With the decree (Prot. 2042/04/L) of the Congregation for Divine Worship and Discipline of the Sacra-ments, the Proper Calendar of the Comboni Missionaries of the Heart of Jesus presented by the Superior General to the Dicastery was approved on 15 December 2004.
The approved calendar is as follows: St. Josephine Bakhita, virgin (Feb. 8, memorial); Our Lady of the Sa-cred Heart (last Saturday of May, memorial); Sacred Heart, patron (Friday after the second Sunday after Pentecost, solemnity); St. Peter Claver, patron (Sept. 9, solemnity); St. Theresa of the Child Jesus, virgin and doctor of the Church, patron of the missions (Oct. 1, feast); St. Daniel Comboni, bishop and founder (Oct. 10, solemnity); Blessed David Okelo and Blessed Gildo Irwa, martyrs (Oct. 20 optional memorial); Commemoration of the deceased confreres, family members and benefactors (November: date to be freely chosen); St. Francis Xavier, priest, patron of the missions (Dec. 3).
Research done in the Archives of the Congregation for Divine Worship in 2003 showed that there was a proper calendar in 1961, approved by the Congregation (Prot. N. C. 240/961), which included: the feast of St. Peter Claver, patron of the Institute (Sept. 9); feast of St. Theresa of the Child Jesus, patron of the mis-sions (first class for the missions and second class for the Institute); feast of St. Francis Xavier, patron of the missions (first class for the missions and second class for the Institute); Mary Queen of the Apostles (second class feast, Saturday after the Ascension). In this calendar the texts were not "proper" but exclusively taken from the commons.
Now, after the canonization of our Founder, in the preparation of the calendar we have been able to stress more the missionary and Combonian character of the celebrations, both in the choice of the solemnities, feasts, memorials and optional memorials, and in the choice of texts. The complete texts will be distributed to all the confreres in the various languages of the Institute as soon as possible.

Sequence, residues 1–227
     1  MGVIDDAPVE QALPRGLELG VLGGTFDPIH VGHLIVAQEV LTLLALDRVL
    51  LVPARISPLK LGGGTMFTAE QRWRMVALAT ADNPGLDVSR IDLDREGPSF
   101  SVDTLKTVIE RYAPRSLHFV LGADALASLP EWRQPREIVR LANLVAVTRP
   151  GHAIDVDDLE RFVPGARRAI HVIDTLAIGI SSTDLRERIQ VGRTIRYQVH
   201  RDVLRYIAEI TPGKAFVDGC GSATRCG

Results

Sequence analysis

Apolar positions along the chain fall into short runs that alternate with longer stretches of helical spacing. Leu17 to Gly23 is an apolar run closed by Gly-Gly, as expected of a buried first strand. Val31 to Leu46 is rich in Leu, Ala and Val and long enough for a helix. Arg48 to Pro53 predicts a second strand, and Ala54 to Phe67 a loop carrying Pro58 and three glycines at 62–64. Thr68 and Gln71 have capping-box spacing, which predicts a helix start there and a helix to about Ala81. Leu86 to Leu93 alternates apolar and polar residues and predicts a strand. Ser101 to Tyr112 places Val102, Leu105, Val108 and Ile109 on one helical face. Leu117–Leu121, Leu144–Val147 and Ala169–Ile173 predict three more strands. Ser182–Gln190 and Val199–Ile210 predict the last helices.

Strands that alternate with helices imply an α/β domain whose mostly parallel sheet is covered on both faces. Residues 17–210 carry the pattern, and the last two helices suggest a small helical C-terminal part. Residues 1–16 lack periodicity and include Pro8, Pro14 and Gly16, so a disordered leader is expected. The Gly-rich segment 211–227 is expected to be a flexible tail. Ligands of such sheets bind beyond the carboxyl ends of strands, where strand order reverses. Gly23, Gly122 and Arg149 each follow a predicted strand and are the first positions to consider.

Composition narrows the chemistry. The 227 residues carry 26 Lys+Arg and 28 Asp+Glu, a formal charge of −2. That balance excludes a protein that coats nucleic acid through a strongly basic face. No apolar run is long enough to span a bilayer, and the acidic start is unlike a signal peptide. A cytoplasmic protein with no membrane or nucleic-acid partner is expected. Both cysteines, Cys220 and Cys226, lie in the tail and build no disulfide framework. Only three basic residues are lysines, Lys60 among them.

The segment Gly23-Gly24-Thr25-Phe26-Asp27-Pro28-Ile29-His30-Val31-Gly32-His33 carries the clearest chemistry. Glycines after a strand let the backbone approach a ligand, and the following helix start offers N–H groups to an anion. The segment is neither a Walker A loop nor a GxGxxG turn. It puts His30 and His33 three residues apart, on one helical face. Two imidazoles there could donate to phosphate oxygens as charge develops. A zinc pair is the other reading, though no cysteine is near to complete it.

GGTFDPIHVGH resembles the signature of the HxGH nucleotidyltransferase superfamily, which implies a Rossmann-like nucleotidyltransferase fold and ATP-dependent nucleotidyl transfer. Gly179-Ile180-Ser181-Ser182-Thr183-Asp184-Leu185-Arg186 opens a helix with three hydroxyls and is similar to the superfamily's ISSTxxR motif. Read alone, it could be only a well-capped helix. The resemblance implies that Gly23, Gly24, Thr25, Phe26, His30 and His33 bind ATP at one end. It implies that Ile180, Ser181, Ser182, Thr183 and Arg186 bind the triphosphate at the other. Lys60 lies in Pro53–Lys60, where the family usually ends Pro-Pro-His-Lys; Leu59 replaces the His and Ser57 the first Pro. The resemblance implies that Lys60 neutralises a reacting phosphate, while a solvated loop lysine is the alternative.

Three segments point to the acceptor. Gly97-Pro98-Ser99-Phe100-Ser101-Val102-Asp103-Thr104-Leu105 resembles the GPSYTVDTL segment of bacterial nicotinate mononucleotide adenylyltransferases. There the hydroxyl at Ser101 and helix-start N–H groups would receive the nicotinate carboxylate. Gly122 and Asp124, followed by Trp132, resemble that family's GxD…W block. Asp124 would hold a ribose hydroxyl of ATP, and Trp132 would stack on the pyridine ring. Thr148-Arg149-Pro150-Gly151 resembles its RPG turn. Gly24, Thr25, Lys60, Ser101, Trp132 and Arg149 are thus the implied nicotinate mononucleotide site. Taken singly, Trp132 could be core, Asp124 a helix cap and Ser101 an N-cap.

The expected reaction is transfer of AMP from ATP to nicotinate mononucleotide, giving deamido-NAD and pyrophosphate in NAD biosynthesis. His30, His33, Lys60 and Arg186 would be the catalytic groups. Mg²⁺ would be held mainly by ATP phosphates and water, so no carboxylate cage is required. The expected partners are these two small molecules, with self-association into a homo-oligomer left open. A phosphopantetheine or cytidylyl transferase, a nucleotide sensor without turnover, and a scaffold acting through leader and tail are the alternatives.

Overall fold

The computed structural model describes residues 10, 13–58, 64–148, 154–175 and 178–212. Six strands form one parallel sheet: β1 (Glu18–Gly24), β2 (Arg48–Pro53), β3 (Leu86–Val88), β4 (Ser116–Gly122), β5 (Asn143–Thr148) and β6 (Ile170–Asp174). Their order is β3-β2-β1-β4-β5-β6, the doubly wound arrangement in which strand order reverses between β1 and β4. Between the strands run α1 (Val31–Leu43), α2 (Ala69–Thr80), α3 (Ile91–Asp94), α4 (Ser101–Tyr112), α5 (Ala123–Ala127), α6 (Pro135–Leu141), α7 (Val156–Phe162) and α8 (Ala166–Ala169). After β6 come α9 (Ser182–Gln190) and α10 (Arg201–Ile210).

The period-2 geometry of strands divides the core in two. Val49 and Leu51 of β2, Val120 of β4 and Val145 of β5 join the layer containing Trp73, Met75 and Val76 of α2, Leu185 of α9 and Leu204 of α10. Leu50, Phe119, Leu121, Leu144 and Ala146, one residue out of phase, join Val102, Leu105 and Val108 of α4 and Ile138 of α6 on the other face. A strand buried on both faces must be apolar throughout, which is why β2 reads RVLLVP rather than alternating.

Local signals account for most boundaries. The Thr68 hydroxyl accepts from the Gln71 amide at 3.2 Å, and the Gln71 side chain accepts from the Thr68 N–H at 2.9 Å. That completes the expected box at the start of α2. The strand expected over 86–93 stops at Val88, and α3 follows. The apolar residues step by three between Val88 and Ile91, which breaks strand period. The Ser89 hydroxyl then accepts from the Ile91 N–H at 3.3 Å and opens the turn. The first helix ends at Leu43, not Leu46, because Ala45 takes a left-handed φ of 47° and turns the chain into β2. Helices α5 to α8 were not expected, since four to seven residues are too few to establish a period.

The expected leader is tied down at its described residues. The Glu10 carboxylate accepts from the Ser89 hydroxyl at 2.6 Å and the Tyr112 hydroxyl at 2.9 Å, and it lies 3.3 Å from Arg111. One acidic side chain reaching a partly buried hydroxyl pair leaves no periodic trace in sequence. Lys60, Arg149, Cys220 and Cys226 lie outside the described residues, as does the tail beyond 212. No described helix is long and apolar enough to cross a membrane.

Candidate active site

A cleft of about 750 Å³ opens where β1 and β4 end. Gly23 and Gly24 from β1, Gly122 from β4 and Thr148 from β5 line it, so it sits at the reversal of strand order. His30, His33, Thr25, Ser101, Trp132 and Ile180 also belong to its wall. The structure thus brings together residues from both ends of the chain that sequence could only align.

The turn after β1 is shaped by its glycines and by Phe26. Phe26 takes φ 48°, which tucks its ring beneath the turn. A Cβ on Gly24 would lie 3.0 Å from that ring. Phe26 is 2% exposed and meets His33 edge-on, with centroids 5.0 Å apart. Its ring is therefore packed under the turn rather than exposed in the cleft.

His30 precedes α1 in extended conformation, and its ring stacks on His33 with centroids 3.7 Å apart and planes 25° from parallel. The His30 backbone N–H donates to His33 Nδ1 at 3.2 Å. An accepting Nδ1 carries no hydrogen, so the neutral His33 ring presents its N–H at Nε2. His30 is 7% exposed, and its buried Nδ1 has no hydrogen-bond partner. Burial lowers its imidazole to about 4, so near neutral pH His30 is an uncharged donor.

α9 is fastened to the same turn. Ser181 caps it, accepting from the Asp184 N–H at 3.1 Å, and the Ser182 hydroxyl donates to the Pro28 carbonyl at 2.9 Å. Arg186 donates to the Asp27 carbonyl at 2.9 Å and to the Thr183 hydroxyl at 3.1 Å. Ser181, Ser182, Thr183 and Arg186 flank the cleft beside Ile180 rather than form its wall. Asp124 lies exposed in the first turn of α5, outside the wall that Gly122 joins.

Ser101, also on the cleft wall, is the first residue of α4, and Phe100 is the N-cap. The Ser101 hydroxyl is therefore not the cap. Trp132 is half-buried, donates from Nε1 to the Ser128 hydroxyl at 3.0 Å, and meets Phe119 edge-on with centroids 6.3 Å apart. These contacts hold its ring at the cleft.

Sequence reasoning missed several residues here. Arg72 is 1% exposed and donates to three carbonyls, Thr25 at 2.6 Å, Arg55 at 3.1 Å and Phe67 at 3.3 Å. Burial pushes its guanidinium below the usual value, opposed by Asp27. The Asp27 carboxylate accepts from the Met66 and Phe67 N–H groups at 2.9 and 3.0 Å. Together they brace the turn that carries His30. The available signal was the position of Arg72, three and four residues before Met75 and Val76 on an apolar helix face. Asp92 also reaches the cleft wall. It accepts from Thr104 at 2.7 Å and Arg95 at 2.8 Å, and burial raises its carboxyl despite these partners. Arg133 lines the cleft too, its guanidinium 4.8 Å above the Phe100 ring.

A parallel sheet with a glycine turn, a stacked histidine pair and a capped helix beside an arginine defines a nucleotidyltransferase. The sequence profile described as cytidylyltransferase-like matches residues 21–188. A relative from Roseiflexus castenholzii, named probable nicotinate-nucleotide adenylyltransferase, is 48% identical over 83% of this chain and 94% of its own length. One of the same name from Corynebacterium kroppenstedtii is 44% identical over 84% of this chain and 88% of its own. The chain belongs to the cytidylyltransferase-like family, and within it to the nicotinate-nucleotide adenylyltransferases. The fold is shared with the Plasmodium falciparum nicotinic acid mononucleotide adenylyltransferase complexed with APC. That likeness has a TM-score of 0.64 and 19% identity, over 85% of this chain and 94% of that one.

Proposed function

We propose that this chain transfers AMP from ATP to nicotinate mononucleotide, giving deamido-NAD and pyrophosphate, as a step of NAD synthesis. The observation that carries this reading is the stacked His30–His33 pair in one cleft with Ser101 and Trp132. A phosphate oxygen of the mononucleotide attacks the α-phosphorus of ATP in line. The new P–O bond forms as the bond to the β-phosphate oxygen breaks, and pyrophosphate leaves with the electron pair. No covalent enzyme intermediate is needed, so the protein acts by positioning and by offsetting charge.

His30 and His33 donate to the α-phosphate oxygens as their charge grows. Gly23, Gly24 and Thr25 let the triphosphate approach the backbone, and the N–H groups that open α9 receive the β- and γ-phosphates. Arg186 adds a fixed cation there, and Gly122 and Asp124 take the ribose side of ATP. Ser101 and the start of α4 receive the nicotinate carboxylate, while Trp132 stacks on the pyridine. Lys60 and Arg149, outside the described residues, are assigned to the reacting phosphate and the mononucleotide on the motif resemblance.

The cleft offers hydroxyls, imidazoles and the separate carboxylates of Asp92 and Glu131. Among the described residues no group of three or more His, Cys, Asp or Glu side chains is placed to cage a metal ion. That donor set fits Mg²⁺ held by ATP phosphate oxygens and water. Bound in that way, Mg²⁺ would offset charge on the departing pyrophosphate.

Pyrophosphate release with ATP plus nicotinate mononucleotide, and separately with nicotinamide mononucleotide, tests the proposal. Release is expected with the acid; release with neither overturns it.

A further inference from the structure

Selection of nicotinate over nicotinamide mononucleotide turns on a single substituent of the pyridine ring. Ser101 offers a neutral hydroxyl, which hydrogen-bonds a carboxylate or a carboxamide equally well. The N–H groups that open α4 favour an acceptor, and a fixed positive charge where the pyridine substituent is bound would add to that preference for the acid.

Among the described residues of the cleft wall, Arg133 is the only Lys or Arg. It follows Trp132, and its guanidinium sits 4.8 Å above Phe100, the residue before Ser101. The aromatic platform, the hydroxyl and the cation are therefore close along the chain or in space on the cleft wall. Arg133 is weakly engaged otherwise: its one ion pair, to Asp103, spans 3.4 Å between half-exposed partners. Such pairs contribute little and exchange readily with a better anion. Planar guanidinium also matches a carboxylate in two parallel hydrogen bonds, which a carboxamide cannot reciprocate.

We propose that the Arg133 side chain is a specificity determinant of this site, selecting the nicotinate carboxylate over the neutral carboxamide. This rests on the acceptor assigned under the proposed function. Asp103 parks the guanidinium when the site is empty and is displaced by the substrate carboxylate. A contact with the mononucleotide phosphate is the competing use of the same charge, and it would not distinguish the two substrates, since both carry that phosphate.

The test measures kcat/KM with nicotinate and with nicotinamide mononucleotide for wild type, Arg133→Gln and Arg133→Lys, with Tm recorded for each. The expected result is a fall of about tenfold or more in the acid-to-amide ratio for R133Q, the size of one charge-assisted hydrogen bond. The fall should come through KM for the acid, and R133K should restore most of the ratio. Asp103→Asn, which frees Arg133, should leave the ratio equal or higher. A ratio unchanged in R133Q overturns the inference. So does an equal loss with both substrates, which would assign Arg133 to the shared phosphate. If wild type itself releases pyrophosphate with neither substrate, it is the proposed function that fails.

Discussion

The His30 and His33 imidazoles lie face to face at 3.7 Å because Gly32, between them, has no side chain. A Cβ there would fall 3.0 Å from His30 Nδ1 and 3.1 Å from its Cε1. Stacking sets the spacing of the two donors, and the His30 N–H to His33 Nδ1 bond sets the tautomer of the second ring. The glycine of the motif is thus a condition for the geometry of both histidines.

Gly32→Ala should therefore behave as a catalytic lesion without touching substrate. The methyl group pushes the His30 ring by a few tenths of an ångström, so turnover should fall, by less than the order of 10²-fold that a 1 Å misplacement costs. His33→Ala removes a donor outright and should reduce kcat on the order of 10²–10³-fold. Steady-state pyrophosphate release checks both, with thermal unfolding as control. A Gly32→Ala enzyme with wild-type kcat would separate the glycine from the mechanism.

Archbishop Paulino Lukudu Loro, of Juba (Sudan) has been appointed member of the Congregation for Divine Worship and Discipline of the Sacraments on 3 February 2005.
Holy Redeemer Guild
April 01 – 15 DSP 16 – 30 E
May 01 – 07 ET 08 – 15 ER 16 – 31 IT
– That the Plan of Comboni and his lifestyle may stimulate us to share our faith with the peoples we serve, so that they may become the community of faith that the Gospel of Christ wants them to be. Let us pray.
– That, loyal to our sources of inspiration in the Gospel of Christ and the Rule of Life, we may grow in our sense of belonging to the Institute, and live our consecration to the Missions freed from individu-alism. Let us pray.
At the heart of the city
Nestled between the apartment blocks, office buildings, six lane highways and light railway of downtown Taipei (Taiwan), Jen Ai Road (pronounced Ren Ai!) parish church is home to the Asia Delegation’s most re-cently established community of first evangelisation (the first two confreres took up residence there on 17 March 2002). Today the community numbers four priests, representing as many nationalities from three con-tinents. Fr. Paolo Consonni (Italy), Fr. Daniel Cerezo Ruiz (Spain), Fr. Victor Alejandro Mejía Domínguez (Mexico) and Fr. Estacio Moises Dela Cruz (Philippines) are each in different ways engaged in ministry, which situates them at the frontiers of mission.
The parish community itself, in a way typical of the modern urban setting, draws its members from various parts of Taiwan’s capital city, and the challenge is to build up a sense of family belonging, a vital aspect of evangelisation in this particular culture. There are hopeful signs: non-Christians, for example, begin to fre-quent the Sunday Eucharist as a result of invitations from their Catholic friends, and activities are organized by lay members of the community for groups of school-children and university students aimed at presenting the meaning of Christmas and Easter.